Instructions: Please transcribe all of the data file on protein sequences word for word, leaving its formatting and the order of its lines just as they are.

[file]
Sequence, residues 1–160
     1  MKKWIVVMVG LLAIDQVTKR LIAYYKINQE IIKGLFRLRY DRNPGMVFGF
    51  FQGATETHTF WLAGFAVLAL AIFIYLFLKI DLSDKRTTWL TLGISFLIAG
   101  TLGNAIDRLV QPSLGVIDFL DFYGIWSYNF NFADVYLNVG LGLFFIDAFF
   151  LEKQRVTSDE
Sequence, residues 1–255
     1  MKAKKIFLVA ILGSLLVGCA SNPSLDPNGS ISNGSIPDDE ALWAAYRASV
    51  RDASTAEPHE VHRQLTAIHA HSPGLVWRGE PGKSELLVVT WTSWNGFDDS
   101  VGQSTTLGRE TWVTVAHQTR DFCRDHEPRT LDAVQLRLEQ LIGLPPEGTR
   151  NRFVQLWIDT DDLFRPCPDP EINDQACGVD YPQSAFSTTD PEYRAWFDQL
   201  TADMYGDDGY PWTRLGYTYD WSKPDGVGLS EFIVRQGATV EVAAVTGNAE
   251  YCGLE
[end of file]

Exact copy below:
Sequence, residues 1–160
     1  MKKWIVVMVG LLAIDQVTKR LIAYYKINQE IIKGLFRLRY DRNPGMVFGF
    51  FQGATETHTF WLAGFAVLAL AIFIYLFLKI DLSDKRTTWL TLGISFLIAG
   101  TLGNAIDRLV QPSLGVIDFL DFYGIWSYNF NFADVYLNVG LGLFFIDAFF
   151  LEKQRVTSDE
Sequence, residues 1–255
     1  MKAKKIFLVA ILGSLLVGCA SNPSLDPNGS ISNGSIPDDE ALWAAYRASV
    51  RDASTAEPHE VHRQLTAIHA HSPGLVWRGE PGKSELLVVT WTSWNGFDDS
   101  VGQSTTLGRE TWVTVAHQTR DFCRDHEPRT LDAVQLRLEQ LIGLPPEGTR
   151  NRFVQLWIDT DDLFRPCPDP EINDQACGVD YPQSAFSTTD PEYRAWFDQL
   201  TADMYGDDGY PWTRLGYTYD WSKPDGVGLS EFIVRQGATV EVAAVTGNAE
   251  YCGLE